Furthermore, Whitaker discovered, of the 24 percent of relationships that had been violent, half had been reciprocal and half had not. Although more men than women (53 percent versus 49 percent) had experienced nonreciprocal violent relationships, more women than men (52 percent versus 47 percent) had taken part in ones involving reciprocal violence.
Regarding perpetration of violence, more women than men (25 percent versus 11 percent) were responsible. In fact, 71 percent of the instigators in nonreciprocal partner violence were women. This finding surprised Whitaker and his colleagues, they admitted in their study report.
As for physical injury due to intimate partner violence, it was more likely to occur when the violence was reciprocal than nonreciprocal. And while injury was more likely when violence was perpetrated by men, in relationships with reciprocal violence it was the men who were injured more often (25 percent of the time) than were women (20 percent of the time). “This is important as violence perpetrated by women is often seen as not serious,” Whitaker and his group stressed.
Of the study’s numerous findings, Whitaker said, “I think the most important is that a great deal of interpersonal violence is reciprocally perpetrated and that when it is reciprocally perpetrated, it is much more likely to result in injury than when perpetrated by only one partner.”
The claim that these studies are taken out of context has no demonstrable basis in fact. What feminists and biased domestic violence advocates argue is little more than making excuses for female abusers because the notion that women can and do abuse does not fit into the view and the positions those people have formed. Despite there being credible evidence in front of them, feminists claim the evidence simply does not exist. This is particularly questionable reasoning because the effect of denying male victimization is that domestic violence advocates — the very people who supposed to prevent and raise awareness about abuse — send male victims the message that the advocates both do not want to help them and that the abuse males experience is deserved because it is an act of self-defense.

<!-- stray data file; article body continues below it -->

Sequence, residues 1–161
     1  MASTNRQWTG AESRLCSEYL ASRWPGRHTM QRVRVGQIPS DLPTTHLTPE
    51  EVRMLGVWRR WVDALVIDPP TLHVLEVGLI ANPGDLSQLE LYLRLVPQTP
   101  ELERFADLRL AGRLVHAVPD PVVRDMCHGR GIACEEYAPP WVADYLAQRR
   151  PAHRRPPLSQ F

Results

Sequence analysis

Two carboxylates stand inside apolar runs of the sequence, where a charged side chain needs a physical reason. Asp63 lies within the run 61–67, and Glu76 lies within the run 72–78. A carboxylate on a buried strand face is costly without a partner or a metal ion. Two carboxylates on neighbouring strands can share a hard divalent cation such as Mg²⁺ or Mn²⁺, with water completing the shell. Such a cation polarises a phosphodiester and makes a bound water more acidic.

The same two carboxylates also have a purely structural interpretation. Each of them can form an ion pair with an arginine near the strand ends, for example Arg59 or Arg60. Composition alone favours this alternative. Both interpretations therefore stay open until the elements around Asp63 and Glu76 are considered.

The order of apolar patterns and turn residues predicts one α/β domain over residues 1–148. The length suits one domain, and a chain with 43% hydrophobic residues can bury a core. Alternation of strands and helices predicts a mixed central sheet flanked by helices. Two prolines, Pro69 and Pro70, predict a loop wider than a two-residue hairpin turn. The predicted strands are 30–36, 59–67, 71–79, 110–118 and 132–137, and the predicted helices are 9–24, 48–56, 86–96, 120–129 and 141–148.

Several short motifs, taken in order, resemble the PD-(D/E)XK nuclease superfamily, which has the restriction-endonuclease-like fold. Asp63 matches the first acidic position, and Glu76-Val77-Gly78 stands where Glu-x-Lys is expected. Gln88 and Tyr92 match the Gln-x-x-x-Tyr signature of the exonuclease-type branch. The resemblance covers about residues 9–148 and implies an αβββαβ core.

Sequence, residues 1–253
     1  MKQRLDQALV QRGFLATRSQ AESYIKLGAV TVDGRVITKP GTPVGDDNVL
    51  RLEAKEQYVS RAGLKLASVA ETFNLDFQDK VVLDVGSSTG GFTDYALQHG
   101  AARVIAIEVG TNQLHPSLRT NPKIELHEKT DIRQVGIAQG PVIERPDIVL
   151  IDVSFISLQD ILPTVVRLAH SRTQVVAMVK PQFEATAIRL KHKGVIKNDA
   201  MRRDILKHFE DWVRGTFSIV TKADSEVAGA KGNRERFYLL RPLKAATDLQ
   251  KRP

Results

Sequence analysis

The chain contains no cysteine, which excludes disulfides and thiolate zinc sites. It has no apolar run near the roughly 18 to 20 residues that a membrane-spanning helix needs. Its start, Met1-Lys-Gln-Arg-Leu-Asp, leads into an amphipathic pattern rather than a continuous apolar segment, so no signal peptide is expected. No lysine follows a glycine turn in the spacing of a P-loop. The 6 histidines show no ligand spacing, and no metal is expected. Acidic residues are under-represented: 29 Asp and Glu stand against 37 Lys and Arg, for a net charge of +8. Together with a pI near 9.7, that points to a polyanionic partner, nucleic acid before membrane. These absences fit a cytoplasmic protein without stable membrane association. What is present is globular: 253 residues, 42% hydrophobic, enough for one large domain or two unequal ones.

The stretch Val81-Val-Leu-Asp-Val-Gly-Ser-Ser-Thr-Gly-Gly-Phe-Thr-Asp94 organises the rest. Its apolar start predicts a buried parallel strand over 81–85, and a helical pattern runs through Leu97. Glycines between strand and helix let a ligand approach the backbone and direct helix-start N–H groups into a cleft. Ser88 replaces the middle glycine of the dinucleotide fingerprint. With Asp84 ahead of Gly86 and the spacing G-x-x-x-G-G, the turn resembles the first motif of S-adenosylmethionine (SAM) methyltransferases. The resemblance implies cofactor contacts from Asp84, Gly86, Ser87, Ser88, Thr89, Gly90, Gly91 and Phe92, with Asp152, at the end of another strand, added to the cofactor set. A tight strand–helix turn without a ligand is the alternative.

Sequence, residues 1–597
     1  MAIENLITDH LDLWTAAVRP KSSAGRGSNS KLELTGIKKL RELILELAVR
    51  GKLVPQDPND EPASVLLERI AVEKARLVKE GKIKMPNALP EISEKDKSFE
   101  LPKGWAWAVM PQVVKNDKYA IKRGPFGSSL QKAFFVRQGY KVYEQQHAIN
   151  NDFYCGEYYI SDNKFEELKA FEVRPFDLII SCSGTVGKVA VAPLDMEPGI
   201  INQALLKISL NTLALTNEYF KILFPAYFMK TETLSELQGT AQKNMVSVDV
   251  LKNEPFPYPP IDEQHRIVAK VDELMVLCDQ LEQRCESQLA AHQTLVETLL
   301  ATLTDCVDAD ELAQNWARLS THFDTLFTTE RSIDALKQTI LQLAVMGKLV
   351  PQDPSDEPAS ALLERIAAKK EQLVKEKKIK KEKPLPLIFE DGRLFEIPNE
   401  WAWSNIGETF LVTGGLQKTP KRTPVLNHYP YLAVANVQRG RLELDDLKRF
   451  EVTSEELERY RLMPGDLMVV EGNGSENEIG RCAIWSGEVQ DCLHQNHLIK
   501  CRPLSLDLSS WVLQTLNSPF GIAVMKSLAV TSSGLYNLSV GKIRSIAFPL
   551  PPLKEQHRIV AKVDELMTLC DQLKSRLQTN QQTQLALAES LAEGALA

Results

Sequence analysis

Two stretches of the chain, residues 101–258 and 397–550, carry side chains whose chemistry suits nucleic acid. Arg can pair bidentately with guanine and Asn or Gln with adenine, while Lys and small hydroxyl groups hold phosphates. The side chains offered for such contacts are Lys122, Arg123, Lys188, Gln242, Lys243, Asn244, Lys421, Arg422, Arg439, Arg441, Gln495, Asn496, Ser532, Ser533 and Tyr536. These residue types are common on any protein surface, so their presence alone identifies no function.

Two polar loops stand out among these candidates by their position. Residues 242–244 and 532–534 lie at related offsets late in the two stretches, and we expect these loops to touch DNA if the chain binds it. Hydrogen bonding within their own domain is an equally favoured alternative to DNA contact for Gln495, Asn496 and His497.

That is a very dangerous position to take because it means a host of boys and men will continue to suffer in silence solely because it is politically inconvenient for feminists and domestic violence advocates to help them. This does not just have an effect on males either, because this sentiment carries over to domestic violence in the gay community. The absence of services for male victims and the failure to acknowledge female abusers allows the abuse to continue and perpetuates a host of myths about who can be a victim.
The absence of any support for Joyce’s claims is worsened by other feminists latching onto Joyce’s claims and repeating them over and over. Already several prominent feminist websites have linked to Joyce’s article, each one adding a bit more misinformation as they applaud the piece.
Ultimately, this is not an issue of attacking feminists, but of acknowledging misandry and anti-male policies. What Joyce’s article shows is that feminists are invested in the denial of male discrimination and victimization. It has nothing to do with the veracity of the research presented or veracity of men’s and boys’ experiences because all of those are outright dismissed. This is an issue of politics, of pure political control. The more the public and the courts acknowledge the validity of men’s groups’ complaints, the more feminist messages and policies will be challenged. For the last thirty years feminists have dominated the gender discussion and painted a very skewed, very specific picture. They have gotten comfortable with that position of power, and like anyone in that position, they want to protect it. The problem is that this is done at men’s and boys’ expense. Real men and real boys face a host of issues that should and likely would be acknowledged if it were not for feminists and various advocates positing that males do not have any legitimate problems.
Feminists present the situation as a zero sum game in which people must choose between feminists or men’s groups. What feminists fail to realize is that acknowledging male victimization, acknowledging parental alienation and acknowledging misandry in no way detracts from any of the negative experiences women have. The situations are not mutually exclusive; both situations can be true at the same time. All Joyce’s article did was demonstrate the methods some people use to perpetuate the current situation of inequality.